…One -on -One with Acting CEO- Jannie Breytenbach
OVER the past months, the Meat Corporation of Namibia (Meatco) commenced its re-alignment strategy that is aimed at a sustainable future for the company. While this exercise has had its fair share of challenges, authorities at the firm have allayed any fears of a sinking ship. In this vein, Confidente’s Business Editor, Hilary Mare (HM) sat down with the Corporations Acting Chief Executive Officer (CEO), Jannie Breytenbach(JB) to try and understand the strategy, the way forward and what the future holds for Meatco.
(HM): Can you please share what the status quo at Meatco is right now?
(JB): What is important to note is that our line Minister (Alpheus Naruseb) has given us a directive to go back to have a look at our business model and our operational structure. We also told the Minister that we need to diversify the business, especially with the cattle numbers going down and challenges of the current financial circumstances. We need to make sure that there is sustainability in the company going forward.
(HM): The strategic meeting that took place with the Board last week, what was it about?
(JB): The purpose of it was to first focus on corporate governance to make sure that we are familiar with any changes being implemented and what the expectation from management vis-a-vis the Board is. The other purpose was to strategise for the next five years to see how we are going to align the company to face the current challenges and how we are going to ensure that there is work security for our staff members including how we can contribute to the economy of the country. We believe we have the capacity to contribute and grow the economy of Namibia but we need to get the balance right. We need to make sure that we have got things such as the raw materials so that we are able to compete in the market in terms of the prices we pay to producers.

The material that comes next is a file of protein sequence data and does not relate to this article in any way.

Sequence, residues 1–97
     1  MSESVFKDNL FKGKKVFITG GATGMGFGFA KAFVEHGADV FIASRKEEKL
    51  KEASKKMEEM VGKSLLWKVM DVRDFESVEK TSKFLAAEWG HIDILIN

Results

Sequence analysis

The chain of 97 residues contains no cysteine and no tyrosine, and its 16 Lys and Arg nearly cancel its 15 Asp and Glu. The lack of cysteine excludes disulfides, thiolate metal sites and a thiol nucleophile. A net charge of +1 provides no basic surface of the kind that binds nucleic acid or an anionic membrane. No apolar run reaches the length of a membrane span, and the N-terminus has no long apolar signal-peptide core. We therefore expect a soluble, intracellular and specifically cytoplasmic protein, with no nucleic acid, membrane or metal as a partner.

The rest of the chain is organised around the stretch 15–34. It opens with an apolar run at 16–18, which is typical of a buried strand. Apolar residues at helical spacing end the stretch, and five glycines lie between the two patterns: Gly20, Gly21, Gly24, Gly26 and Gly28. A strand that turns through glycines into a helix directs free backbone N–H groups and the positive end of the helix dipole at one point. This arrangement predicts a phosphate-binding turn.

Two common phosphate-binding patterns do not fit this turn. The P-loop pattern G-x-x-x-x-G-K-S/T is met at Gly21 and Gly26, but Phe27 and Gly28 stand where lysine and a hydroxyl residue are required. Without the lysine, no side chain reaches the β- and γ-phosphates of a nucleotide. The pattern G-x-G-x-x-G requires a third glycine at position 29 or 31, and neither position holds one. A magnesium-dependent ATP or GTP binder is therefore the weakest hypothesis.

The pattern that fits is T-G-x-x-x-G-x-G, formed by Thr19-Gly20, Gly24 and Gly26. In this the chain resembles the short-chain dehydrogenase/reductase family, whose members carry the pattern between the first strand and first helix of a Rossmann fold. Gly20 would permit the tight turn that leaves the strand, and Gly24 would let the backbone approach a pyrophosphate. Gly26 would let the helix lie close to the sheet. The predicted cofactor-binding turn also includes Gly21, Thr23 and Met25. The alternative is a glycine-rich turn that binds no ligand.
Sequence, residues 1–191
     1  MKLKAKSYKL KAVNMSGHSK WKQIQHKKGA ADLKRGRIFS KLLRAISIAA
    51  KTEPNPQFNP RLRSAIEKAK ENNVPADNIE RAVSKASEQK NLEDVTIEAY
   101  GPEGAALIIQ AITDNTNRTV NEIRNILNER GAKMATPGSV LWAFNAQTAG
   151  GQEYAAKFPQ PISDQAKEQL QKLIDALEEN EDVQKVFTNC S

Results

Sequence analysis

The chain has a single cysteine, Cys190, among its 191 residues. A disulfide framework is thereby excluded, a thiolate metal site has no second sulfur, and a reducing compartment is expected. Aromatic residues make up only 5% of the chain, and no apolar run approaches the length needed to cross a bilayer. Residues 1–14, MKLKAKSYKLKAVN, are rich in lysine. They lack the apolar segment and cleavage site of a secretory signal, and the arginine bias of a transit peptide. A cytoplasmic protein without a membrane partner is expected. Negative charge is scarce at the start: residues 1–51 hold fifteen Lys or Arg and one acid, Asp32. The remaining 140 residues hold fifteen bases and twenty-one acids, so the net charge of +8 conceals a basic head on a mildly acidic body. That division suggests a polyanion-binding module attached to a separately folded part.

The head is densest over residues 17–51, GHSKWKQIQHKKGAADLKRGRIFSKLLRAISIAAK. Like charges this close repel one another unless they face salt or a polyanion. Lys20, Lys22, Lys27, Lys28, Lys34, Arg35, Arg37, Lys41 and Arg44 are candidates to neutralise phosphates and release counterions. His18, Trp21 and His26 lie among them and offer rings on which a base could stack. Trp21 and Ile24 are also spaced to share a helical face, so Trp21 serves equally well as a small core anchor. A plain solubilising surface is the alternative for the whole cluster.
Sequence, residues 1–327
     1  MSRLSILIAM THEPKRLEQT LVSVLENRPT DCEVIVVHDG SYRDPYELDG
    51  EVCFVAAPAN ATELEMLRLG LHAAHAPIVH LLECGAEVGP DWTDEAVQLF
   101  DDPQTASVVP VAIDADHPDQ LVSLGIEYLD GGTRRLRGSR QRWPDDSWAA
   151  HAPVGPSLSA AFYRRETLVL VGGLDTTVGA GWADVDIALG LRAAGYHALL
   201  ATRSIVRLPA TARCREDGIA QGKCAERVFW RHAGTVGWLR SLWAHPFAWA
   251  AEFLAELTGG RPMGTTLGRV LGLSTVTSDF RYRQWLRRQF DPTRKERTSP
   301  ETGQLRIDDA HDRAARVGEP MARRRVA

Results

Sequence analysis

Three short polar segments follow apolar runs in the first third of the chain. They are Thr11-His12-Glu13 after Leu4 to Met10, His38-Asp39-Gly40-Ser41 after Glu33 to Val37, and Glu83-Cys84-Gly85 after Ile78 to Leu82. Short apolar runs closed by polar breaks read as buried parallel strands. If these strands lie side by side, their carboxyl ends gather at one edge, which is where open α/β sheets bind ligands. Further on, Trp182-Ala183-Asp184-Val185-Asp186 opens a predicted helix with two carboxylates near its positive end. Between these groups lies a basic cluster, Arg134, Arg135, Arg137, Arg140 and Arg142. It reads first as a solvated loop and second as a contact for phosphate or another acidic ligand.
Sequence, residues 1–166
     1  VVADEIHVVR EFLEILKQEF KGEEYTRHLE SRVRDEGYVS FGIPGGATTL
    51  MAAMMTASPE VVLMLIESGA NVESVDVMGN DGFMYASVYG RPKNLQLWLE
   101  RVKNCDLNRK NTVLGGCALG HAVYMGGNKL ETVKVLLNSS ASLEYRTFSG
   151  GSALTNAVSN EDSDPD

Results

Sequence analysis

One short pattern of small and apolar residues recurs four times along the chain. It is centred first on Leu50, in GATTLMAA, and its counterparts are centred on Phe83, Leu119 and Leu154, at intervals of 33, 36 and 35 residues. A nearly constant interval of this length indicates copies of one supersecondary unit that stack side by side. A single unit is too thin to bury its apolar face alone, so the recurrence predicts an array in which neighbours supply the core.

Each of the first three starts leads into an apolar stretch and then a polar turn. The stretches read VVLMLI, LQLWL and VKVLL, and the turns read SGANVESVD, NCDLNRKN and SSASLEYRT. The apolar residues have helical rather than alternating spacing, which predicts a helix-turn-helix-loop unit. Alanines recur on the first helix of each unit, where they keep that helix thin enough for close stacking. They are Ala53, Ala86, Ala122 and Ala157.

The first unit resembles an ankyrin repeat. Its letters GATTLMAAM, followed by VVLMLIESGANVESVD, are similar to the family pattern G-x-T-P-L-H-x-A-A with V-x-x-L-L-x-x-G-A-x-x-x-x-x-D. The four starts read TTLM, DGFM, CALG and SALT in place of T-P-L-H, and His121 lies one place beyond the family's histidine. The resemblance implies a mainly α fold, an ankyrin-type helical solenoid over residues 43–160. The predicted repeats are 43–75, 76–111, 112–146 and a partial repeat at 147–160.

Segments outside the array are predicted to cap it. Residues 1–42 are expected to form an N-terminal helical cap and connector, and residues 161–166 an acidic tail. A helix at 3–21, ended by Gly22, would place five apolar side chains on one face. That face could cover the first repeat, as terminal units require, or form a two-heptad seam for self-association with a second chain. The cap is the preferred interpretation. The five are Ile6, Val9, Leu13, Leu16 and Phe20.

(HM): With some retrenchments having been witnessed, can we expect more job losses at Meatco?
(JB): Our focus now is to maintain jobs and I think that’s also part of the discussions that we had with our line Minister where we agreed that retrenchments are the last resort especially in the current circumstances. We have introduced a more streamlined organogram and during the process of crafting it, we identified 188 redundant positions. Ever since, there were initiatives from management’s side to bring the number down. We had a head count freeze, opened voluntary retrenchment and voluntary retirement which generated additional positions subsequently bringing the number down from 188 to 74. The challenge now is on how we are going to keep that 74 without generating additional cost. We are therefore looking at additional opportunities for us where we can utilise our staff members. There are also contracts coming to an end which we believe our current staff can assist us to fill up.
(HM): How will the departure of a number of Meatco’s senior executives influence the operational effectiveness of the company?